“Before I came to the city, I heard a lot from fellow folks in affordable housing: ‘We don’t know where the in-lieu fees go, we don’t know what happens to that money,'” Novara says. “This should not be a mystery.” A 2017 audit by Chicago’s Office of Inspector General found that, among other irregularities, $4.5 million had gone missing from the in-lieu fee fund without explanation. It has remained missing as of a February update to the audit, though the city has disputed the OIG’s calculations.
It’s possible that the public availability and accessibility of this data will help generate momentum behind proposed reforms to the ARO. In addition to the online portal, the Department of Housing is also organizing a task force to review and improve the city’s affordable housing policies. More than 200 applications were received for the 15 to 20 spots on the task force, which is expected to begin convening in December. Novara says that as they consider potential task force members, “we’re looking for gender, racial, geographic diversity, technical expertise, lived experience, and we’re looking for people with the ability to balance a strong point of view with an open mind.” The task force will be one of several ways for residents to offer feedback on the ARO and other affordable housing issues, she adds.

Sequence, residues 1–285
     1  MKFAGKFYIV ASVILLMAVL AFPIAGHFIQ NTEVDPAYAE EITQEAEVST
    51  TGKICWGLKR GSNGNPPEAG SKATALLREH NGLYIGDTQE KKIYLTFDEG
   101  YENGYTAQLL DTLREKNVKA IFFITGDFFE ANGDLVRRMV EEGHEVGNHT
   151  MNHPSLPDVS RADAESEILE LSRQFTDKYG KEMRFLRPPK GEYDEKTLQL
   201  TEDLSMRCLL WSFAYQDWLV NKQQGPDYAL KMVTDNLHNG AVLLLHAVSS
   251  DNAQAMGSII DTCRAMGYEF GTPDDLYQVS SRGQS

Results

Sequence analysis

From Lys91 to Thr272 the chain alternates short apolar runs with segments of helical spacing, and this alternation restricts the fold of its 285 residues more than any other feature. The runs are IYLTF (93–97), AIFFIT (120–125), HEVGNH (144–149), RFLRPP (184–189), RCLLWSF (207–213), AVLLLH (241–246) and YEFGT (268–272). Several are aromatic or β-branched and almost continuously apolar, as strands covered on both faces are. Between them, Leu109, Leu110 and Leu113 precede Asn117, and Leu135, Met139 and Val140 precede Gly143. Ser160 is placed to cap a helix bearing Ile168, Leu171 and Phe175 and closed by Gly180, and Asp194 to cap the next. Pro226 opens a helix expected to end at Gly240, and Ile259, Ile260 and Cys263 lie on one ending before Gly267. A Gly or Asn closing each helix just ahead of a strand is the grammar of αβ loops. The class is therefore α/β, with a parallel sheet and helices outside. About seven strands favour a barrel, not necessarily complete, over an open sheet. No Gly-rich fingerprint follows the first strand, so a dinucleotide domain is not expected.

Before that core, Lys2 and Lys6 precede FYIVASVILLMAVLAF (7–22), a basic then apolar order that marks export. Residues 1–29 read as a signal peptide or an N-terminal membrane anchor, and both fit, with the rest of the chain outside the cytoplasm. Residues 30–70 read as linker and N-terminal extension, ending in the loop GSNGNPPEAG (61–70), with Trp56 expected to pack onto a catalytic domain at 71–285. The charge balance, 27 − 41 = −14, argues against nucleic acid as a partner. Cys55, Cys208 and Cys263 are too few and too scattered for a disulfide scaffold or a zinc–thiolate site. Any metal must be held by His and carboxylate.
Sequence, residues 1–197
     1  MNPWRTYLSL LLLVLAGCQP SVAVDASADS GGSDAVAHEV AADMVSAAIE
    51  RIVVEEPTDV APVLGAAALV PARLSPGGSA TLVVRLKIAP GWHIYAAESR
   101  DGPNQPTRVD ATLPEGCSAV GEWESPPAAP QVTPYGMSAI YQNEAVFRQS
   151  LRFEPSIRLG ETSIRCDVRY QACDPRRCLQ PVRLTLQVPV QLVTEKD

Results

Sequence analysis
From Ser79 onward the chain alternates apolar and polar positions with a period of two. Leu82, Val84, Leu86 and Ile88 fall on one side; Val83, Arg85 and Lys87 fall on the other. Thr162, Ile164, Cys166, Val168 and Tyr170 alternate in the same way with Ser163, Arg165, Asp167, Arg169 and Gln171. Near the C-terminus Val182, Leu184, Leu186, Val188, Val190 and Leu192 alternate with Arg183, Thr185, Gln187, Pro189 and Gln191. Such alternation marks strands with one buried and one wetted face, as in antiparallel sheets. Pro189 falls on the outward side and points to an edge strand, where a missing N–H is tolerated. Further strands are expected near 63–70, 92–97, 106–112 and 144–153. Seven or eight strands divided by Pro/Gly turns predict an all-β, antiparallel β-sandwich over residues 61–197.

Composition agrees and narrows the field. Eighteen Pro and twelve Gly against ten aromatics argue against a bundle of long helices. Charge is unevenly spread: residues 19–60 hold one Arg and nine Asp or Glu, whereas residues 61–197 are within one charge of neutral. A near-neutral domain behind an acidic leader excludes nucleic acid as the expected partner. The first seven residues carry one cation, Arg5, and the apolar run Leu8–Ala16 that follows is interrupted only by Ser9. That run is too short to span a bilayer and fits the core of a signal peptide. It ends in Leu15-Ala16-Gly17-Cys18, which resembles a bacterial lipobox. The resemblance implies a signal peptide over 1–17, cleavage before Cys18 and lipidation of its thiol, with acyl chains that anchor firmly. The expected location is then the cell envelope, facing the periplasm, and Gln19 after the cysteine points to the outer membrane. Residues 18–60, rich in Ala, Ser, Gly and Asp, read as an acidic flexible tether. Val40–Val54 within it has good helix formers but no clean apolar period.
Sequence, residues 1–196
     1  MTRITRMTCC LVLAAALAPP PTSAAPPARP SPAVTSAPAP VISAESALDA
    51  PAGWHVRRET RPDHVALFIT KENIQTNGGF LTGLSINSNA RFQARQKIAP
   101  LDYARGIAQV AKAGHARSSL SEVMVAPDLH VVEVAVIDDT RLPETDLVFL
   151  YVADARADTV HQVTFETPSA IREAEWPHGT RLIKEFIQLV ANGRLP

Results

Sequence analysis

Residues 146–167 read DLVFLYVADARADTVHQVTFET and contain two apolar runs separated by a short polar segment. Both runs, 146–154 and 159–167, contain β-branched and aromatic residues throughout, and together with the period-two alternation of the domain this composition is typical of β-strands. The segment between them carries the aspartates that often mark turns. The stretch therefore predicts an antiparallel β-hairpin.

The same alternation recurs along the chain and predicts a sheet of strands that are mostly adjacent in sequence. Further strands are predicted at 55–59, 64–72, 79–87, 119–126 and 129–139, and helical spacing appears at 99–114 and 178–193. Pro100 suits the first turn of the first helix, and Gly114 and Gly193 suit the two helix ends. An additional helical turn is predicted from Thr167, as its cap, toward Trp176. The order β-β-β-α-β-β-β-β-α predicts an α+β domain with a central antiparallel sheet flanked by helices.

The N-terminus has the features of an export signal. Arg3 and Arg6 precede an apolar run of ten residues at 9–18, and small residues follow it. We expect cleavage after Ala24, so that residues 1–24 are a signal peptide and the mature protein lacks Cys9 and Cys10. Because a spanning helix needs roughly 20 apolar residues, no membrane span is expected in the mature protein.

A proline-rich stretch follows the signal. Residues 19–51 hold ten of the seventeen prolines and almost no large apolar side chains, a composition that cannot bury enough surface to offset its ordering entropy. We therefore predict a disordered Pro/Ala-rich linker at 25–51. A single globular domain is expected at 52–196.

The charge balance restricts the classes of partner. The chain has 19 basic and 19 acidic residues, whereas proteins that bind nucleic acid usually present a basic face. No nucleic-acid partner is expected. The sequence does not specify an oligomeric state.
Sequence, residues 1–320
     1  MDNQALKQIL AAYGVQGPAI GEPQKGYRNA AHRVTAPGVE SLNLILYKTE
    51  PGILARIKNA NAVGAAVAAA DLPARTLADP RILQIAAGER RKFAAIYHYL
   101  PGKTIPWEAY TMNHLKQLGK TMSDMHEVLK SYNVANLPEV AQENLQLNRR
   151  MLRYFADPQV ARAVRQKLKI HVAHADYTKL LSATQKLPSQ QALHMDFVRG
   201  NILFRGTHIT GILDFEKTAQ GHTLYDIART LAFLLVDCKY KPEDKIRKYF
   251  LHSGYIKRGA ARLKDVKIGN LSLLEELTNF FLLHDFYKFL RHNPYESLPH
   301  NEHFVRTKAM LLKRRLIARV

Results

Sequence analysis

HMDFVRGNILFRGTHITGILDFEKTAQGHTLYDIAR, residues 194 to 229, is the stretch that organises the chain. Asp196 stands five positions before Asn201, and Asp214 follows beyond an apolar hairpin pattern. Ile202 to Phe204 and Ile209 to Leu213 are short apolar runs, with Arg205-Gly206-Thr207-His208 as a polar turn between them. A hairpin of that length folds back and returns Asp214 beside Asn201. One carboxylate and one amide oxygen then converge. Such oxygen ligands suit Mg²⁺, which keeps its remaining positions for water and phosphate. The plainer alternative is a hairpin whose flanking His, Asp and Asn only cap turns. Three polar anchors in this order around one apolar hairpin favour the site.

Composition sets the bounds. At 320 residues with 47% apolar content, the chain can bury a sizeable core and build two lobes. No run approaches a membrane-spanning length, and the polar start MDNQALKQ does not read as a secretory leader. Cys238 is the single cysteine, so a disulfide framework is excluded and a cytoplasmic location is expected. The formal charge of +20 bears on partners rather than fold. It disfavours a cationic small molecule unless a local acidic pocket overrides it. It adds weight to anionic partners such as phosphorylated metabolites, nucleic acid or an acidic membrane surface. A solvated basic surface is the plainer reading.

Meanwhile, dozens of community groups and nearly 20 aldermen have signed on to a proposal called the “Development for All” ordinance spearheaded by members of the Chicago Housing Initiative coalition. It would, among other things: eliminate in-lieu fees, forcing market-rate developers to actually build affordable housing; increase the percentage of affordable housing units developers are required to build in projects slated for high-income areas; and mandate more family-size units.
The ARO, and zoning laws in general, are a unique weapon to combat segregation and disinvestment built by racist government policies and reinforced by decades of private investment patterns in American cities. The U.S. Supreme Court has reinforced cities’ prerogative to use zoning laws to limit, structure, and set the conditions for real estate development, making them a rare example of local government laws that can trump private property rights (as long as they’re not discriminatory in intent or impact). “If we think about the power to address segregation through this tool, it’s immense and unparalleled,” Levinger says.
Lightfoot ran on a platform promising reforms to the ARO and a more aggressive approach to affordable housing development. The establishment of an independent Department of Housing and the rollout of the data portal appear to be steps toward fulfilling those promises. v
Update: A previous version of this story incorrectly identified Novara as the former head of the Metropolitan Planning Council.